In the issue that featured the piece by the publisher Enrique Uribe White (1898–1983), Pan magazine (1935–40) published the Spanish version of the article written by Werner Suhr, the director of Gebrauschsgraphik, about the photographer Luis Benito Ramos (1899–1955) for the magazine’s German readers [see: “Luis B. Ramos”, 1075878]. This is undeniably an exceptional document because it recalls an international publication’s recognition of a Colombian photographer and his chronicle of the local scene of the 1930s.
Ramos studied painting in Bogotá, and was awarded a grant to go to Paris in 1928, where he became a professional photographer. From 1930 to 1933 he worked for French magazines, a part of his career that has yet to be researched by any local historian. Back in Colombia in 1934 he worked as a photojournalist, documenting subjects of his own choosing.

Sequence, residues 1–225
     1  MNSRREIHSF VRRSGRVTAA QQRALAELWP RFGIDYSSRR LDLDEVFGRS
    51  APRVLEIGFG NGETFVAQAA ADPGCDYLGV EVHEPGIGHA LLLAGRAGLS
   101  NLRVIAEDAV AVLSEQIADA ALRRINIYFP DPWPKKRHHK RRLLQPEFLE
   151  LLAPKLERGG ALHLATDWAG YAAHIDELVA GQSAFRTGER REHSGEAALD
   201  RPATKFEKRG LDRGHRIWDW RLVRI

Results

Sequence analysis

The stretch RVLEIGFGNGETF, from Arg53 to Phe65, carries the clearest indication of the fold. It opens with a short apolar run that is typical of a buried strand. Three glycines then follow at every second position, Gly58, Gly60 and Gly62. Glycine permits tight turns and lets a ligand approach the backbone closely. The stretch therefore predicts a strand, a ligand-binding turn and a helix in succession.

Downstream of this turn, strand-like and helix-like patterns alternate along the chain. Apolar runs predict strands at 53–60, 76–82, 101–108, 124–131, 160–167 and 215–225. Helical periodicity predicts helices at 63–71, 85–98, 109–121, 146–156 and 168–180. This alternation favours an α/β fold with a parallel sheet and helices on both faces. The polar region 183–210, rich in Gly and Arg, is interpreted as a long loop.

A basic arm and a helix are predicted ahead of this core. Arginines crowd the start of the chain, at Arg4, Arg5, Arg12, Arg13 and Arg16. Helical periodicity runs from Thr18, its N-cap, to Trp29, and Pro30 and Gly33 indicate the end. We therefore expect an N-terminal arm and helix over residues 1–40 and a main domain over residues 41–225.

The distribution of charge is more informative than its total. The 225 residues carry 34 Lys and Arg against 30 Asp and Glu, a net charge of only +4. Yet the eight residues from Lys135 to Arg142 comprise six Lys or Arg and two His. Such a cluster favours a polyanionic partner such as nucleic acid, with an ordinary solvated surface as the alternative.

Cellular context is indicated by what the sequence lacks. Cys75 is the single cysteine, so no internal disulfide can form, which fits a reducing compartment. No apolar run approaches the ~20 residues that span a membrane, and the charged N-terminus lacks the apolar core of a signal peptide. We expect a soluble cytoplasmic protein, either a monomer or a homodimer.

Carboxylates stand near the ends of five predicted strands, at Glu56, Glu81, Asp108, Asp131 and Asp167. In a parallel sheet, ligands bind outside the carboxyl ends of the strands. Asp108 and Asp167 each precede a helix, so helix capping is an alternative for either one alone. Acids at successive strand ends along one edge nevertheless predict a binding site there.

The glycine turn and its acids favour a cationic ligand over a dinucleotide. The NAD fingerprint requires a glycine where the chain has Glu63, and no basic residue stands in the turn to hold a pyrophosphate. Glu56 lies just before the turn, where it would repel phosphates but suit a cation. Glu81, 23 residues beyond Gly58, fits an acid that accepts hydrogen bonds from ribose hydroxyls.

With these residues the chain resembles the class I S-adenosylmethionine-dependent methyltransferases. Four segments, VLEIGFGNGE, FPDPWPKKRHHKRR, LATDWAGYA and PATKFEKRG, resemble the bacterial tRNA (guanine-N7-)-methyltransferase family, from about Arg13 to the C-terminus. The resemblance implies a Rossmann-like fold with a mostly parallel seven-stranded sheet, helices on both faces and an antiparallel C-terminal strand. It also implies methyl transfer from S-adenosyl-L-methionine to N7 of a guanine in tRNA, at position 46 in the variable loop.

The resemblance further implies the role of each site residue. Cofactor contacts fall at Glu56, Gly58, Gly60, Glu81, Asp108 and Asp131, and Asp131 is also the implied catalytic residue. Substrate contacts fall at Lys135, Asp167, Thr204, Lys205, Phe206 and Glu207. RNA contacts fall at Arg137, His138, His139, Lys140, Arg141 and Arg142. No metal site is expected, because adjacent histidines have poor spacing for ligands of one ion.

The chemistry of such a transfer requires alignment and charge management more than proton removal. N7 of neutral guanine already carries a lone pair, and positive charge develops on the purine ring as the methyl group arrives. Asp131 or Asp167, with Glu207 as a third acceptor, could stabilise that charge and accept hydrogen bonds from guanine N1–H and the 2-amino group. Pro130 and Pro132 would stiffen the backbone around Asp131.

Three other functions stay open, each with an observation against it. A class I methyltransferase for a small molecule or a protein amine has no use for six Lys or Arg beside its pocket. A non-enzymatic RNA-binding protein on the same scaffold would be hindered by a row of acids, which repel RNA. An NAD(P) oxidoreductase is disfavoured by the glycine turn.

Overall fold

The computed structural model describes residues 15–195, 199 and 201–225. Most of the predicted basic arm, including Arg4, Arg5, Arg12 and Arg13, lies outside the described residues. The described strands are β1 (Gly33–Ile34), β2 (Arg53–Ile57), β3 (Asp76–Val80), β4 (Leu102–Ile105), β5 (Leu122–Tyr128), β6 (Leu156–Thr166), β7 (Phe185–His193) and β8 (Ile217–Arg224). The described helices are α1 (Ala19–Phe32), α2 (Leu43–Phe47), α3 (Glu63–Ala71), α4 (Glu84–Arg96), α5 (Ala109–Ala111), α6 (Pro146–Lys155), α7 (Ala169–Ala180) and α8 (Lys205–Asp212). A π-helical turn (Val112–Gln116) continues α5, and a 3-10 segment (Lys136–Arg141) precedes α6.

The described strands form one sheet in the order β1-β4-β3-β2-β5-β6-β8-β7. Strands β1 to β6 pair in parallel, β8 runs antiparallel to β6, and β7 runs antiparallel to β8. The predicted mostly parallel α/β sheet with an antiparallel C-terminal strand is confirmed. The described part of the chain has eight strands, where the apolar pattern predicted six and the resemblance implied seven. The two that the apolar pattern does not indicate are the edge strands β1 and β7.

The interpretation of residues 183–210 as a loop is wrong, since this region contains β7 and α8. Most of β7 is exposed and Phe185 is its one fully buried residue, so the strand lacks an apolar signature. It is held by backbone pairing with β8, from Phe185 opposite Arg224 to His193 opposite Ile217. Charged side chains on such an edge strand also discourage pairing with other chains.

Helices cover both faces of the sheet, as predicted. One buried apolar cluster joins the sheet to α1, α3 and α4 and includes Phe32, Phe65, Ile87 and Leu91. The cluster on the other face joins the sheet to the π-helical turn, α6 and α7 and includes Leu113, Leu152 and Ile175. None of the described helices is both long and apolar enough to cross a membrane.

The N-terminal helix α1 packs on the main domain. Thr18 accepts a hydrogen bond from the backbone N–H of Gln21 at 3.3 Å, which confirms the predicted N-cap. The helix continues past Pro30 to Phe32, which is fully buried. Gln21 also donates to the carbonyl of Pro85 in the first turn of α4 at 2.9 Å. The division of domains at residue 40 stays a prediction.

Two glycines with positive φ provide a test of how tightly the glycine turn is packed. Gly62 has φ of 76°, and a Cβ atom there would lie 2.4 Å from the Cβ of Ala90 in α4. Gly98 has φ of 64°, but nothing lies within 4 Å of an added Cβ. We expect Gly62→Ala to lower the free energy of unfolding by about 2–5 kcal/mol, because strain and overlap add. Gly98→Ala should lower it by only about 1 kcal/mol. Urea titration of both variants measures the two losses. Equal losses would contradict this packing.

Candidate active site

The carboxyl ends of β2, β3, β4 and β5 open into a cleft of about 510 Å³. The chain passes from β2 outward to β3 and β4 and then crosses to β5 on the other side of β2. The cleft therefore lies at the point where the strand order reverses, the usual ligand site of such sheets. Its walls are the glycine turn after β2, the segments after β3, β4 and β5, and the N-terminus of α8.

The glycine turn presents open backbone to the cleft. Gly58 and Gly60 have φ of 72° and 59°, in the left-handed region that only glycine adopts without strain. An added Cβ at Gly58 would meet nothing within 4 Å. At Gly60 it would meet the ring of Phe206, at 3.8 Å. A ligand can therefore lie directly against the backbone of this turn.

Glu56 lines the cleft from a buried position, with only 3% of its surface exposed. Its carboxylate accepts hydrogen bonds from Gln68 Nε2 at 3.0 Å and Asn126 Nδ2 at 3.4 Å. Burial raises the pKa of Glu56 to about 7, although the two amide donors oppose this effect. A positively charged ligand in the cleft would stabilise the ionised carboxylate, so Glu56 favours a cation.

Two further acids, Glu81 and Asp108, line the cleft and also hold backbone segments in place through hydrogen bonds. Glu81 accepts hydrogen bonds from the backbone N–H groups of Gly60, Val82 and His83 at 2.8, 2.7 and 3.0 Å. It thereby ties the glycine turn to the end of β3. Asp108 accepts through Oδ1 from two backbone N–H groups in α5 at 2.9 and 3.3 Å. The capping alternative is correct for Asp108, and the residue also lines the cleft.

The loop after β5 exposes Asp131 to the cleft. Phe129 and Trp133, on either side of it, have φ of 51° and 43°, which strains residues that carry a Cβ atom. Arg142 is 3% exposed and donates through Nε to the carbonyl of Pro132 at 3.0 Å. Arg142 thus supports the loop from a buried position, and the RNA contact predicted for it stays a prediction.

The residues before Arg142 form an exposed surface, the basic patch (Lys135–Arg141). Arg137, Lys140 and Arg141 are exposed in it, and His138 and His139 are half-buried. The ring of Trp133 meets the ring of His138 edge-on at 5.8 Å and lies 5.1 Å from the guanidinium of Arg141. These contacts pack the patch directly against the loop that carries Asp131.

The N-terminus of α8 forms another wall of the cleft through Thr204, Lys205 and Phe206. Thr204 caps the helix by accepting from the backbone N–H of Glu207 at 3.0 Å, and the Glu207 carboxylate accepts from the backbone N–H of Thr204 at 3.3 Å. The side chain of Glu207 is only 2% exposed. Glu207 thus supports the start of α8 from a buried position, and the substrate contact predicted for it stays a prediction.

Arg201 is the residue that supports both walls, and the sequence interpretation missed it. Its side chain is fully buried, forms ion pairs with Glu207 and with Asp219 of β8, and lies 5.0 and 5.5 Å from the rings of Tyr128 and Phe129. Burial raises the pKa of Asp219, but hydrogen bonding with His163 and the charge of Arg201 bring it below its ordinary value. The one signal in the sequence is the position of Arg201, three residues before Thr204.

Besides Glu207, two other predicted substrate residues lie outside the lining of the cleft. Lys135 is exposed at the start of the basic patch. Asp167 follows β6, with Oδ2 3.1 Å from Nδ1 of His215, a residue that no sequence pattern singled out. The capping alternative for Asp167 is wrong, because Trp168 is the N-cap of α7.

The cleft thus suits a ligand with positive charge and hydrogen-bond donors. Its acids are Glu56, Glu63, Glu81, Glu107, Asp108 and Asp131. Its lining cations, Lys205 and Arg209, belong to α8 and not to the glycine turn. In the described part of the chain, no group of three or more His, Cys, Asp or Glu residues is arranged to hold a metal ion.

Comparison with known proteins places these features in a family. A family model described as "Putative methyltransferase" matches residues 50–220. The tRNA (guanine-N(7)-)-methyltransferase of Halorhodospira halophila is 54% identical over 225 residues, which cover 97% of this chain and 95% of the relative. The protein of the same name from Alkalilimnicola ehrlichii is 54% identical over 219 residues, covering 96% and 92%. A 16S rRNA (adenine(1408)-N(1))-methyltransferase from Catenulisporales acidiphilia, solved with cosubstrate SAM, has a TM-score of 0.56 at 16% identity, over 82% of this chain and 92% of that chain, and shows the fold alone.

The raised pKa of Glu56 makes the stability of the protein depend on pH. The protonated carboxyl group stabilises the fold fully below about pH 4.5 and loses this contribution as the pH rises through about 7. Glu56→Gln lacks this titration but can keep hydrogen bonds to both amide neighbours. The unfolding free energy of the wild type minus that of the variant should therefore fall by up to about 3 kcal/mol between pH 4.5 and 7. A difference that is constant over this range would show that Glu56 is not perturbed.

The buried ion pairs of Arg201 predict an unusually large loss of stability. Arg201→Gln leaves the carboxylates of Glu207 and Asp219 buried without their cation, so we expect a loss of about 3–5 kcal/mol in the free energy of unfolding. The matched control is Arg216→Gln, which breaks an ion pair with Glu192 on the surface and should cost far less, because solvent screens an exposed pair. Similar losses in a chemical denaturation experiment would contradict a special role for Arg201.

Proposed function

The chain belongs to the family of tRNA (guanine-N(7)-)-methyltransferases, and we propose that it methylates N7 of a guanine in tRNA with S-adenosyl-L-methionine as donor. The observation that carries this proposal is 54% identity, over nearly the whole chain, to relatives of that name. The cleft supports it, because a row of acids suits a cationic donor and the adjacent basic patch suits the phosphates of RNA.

Ramos had a dramatic career as a photographer. Several Colombian newspapers and magazines wanted to buy his work, which was published in local newspapers such as El Tiempo and El Espectador, as well as in magazines, including Cromos, El Gráfico, Pan, and Estampa. At that time it was rare for a photographer to be granted a byline. Photos were usually published anonymously and the custom—especially when a photographer worked exclusively for a particular newspaper or magazine—was to substitute the name of the publication for the name of the photographer. Ramos put an end to all that, and his photographs and reports were labeled what they were: works by Ramos.